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Workers Justice Center of New York

Farmwork: It's Too Hard for Americans to Do

As their rights to bargain become possible, we have a story to tell

Kris LaGrange's picture
May 06, 2019

Over the last decade, the agricultural industry has boomed in New York. Companies like Chobani have turned New York into the USA’s top producer of yogurt, sour cream, and cottage cheese. Plus, they are a top producer of apples, snap peas, maple syrup, grapes, cabbage, and just about everything milk related.

Producing all of this food is often backbreaking work for very little pay. It is so hard, that it’s often done by migrant workers. These workers often come from Central America on visa’s to work for up to 10 months at a time. With their transitory nature and a ban in the Empire State on farmworkers joining a union, these workers are often exploited.

Many people might question why a farm in upstate New York or on the North Fork of Long Island needs workers who come from thousands of miles away when there are plenty of unemployed people in the community. The simple fact is that Americans just don’t want these jobs. Studies have found that even when farms raise their wages, local residents simply don’t want to put in 60-80 hours a week hunched over picking fruit or milking a cow. In a call in to NPR back in 2007, when President George W. Bush had farm owners worried about ICE raids, Rick, a farm owner from Geneva, New York said that on his farm they will advertise in local papers, get 12-15 people interested in the job, but then only 1 or 2 will show up. “If we didn't have the Mexican kids around here, we wouldn't be able to pick our fruit.” Rick went on to say that the pay was competitive and while he wouldn’t specify the exact amount, he said that it was more than social workers are making in the area. The simple fact is that we can not pick enough food to feed our country without these migrant workers.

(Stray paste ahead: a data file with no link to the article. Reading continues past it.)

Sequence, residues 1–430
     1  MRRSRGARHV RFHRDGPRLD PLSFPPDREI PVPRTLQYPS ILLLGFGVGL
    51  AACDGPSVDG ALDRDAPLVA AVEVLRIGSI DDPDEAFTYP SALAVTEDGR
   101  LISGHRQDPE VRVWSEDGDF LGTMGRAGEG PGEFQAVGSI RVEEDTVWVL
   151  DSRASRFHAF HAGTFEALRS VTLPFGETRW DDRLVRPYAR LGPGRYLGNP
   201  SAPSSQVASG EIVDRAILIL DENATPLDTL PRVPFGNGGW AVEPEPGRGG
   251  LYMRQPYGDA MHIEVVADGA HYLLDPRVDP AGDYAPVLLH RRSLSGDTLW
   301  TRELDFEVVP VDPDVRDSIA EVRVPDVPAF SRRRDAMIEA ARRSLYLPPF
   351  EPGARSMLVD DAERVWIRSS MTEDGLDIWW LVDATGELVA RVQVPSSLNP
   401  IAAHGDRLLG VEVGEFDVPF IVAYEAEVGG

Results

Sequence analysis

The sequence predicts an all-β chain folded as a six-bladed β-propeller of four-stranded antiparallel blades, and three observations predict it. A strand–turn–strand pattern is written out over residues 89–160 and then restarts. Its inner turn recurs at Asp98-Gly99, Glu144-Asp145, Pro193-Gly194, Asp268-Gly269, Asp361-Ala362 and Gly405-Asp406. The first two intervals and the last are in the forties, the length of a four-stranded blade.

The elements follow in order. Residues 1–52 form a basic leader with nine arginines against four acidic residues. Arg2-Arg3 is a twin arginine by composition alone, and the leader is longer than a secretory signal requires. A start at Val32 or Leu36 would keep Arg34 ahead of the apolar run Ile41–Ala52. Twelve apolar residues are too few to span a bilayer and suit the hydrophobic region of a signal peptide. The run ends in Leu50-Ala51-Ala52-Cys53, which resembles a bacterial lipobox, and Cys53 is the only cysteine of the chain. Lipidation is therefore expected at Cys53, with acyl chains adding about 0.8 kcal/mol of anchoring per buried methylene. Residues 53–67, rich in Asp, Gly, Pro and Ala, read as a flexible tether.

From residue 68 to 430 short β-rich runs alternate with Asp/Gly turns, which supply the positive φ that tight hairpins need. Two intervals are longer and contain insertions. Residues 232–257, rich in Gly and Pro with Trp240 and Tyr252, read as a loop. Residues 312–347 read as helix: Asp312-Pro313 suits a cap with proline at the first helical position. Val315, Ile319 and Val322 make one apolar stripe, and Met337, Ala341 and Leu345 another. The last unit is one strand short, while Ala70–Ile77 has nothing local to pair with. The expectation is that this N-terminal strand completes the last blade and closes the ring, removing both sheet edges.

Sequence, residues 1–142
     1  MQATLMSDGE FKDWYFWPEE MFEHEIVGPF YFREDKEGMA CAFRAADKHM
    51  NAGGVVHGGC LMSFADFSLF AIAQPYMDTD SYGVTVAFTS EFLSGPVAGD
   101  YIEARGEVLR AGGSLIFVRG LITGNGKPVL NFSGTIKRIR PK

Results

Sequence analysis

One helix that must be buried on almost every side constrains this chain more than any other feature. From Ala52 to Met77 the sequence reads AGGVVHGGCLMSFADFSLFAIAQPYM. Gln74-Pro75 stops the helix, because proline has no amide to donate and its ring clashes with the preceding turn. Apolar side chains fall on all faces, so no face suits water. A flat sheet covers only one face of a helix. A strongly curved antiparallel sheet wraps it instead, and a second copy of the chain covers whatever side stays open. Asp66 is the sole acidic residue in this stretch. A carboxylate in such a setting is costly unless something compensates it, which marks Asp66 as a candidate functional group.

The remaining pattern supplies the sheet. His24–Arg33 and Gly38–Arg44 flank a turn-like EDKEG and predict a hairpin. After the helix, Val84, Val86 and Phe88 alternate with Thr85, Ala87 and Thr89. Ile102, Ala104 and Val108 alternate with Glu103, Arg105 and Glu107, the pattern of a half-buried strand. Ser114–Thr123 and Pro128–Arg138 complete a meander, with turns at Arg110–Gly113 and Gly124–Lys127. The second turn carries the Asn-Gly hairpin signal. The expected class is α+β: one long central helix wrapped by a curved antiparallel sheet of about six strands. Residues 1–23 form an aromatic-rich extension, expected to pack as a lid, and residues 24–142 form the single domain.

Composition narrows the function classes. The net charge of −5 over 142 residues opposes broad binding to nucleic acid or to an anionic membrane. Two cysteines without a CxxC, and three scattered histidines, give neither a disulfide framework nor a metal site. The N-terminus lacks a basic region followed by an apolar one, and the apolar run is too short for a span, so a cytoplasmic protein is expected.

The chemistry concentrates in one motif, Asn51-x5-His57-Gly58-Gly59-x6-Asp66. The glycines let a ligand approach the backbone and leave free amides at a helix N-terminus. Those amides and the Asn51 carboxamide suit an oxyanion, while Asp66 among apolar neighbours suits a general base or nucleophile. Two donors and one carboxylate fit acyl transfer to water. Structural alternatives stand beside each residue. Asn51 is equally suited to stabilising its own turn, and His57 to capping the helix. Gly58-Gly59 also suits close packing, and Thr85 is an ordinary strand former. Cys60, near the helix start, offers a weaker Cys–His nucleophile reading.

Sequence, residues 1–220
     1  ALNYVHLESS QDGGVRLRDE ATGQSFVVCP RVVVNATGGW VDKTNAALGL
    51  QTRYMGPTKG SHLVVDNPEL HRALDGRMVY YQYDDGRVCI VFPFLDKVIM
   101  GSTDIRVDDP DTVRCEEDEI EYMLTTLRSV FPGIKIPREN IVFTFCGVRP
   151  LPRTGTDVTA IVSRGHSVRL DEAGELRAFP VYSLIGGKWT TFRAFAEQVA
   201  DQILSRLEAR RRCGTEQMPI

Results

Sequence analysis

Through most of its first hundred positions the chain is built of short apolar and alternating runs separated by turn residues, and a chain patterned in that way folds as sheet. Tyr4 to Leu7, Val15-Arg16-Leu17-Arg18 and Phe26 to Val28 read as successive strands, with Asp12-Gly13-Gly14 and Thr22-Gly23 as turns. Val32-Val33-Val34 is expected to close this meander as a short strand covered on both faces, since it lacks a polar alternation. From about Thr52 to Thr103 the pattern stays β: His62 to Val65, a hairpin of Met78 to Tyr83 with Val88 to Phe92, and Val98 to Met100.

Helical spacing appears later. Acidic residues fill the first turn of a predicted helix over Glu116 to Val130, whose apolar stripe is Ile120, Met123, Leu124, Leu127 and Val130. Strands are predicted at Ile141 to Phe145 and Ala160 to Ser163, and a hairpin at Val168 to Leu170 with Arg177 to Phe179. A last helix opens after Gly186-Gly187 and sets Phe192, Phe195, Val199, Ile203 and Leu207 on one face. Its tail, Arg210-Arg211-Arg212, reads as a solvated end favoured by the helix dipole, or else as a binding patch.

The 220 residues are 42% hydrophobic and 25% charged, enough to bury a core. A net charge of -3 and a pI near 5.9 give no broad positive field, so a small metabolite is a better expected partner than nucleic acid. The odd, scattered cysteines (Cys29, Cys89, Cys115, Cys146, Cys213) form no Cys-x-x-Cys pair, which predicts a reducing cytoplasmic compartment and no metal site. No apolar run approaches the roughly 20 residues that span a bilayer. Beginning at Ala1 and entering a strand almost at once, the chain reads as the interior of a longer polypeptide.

Industries that have a largely immigrant workforce, especially if they have questionable legal status, often face numerous labor issues. Combine that with a workforce that often has limited time to do the job and the restriction on joining a union, it is no wonder that farmworkers are being exploited by their employers. Even employers that are following the law are allowed to require much more of their employees than other industries.

Legislators in New York are trying to fix this. State Senators are currently holding hearings around the state on the Farmworkers Fair Labor Practices Act. This bill would give farmworkers the ability to organize and advocate for themselves through a union, provide overtime pay, require employers to provide a day of rest for workers (although they could choose not to take the day) and make them eligible to receive unemployment benefits. These are basic benefits that are afforded to every other worker in New York.

The bill, which has already passed in the State Assembly, has the best chance of becoming law now that the State Senate is in Democrats hands. In previous years the bill has passed the Democratic-controlled Assembly only to die in the Republican State Senate.

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